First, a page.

As we continue to work to dismantle institutional racism, we are all asked to do the deep, ongoing inner work that antiracism requires of us. This includes listening to, learning from, supporting, and elevating the black voices from within our sisters, partners in mission, and more broadly.

The Sisters of the Order of St. Basil the Great wrote that they were particularly moved by Floyd's last words, "I can't breathe," as "few symbols are as powerful as breath," looking to the book of Genesis and Easter.

"We need Christ's peace now more than ever as social unrest spreads coast to coast. Righteous anger is an appropriate response to injustice, even called for, yet we must never allow it to devolve into rage. Peaceful demonstrations honor the spirit of Christian social action, while violence and theft betray it," wrote Sr. Dorothy Ann Busowski, the provincial superior.

"In order to heal the wounds of racism and injustice we cannot antagonize and alienate one another. We must find common ground and work together."

A litany of concrete commitments and reconciliations concluded the statement from the Congregation of Our Lady of Charity of the Good Shepherd, the National Advocacy Center of the Sisters of the Good Shepherd, and the Good Shepherd International Justice Peace Office.

They call on members of the criminal justice system and law enforcement agencies to "pursue accountability and realistic alternatives to the use of deadly force" and support police training that prioritizes respect for individuals while reducing fear that people of color experience toward law enforcement. They also urge police training to integrate counseling and anger management services into their resources and work culture.

"If you do not speak out, if you do not sound the alarm when it is needed, you will be justly convicted by your silence," they wrote, quoting their foundress, St. Mary Euphrasia.

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Philonise Floyd, brother of George Floyd, speaks at a June 2 rally in Houston. (CNS/Reuters/Adrees Latif)

The Sisters of Providence of St. Mary-of-the-Woods, Indiana, acknowledged that as a predominantly white community, "we know we have work to do. We commit to further exploring our white privilege and understanding the intersectional nature of racism across the systems of power in our society."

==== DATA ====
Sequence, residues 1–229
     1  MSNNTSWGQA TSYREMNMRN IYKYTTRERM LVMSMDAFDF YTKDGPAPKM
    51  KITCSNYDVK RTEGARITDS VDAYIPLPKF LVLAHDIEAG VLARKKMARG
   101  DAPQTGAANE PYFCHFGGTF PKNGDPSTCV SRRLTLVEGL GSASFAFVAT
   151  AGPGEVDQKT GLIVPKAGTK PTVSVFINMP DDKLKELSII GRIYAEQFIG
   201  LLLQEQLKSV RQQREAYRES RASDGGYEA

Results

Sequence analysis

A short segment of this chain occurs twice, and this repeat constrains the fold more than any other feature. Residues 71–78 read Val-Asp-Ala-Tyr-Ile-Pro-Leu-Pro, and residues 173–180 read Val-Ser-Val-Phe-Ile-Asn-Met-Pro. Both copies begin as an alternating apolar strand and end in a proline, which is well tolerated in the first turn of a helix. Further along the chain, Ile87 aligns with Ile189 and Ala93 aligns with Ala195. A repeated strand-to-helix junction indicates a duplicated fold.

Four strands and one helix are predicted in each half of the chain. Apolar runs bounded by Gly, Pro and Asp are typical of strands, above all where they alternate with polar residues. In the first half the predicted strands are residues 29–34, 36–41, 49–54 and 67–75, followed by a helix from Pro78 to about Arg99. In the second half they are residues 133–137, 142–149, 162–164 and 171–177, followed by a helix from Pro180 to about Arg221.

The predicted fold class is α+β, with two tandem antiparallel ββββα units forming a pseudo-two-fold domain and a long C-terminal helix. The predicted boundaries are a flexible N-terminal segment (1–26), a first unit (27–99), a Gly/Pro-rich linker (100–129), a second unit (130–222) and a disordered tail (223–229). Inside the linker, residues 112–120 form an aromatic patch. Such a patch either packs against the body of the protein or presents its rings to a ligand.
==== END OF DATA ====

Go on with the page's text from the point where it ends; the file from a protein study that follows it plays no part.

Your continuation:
"The path ahead will require all our efforts," they wrote. "All of us will, at times, be uncomfortable."

The U.S.-Ontario Province of the Sisters of the Holy Names of Jesus and Mary wrote that they stand with those who advocate for dignity and respect of every human life and support peaceful protests while condemning the destruction of property and harming of people in the process.

Recognizing that prayer and sympathy does not change the structures of injustice, the Sisters, Servants of the Immaculate Heart of Mary said they refuse to accept that their efforts end there.

They call on elected officials to make this moment "a movement toward genuine transformation and the restoring of right relationship," calling on others to join their work in conversion, repentance, "deep inner soul work that challenges attitudes of racial bias," profound listening and learning from the silenced and excluded, and to build loving relationships "in which we assume and draw forth the best of one another."

With a history of ministering among minority communities, the School Sisters of Notre Dame wrote in a statement that they are privileged to have firsthand experience collaborating and learning from these communities, embracing the Gospel and promoting dignity together.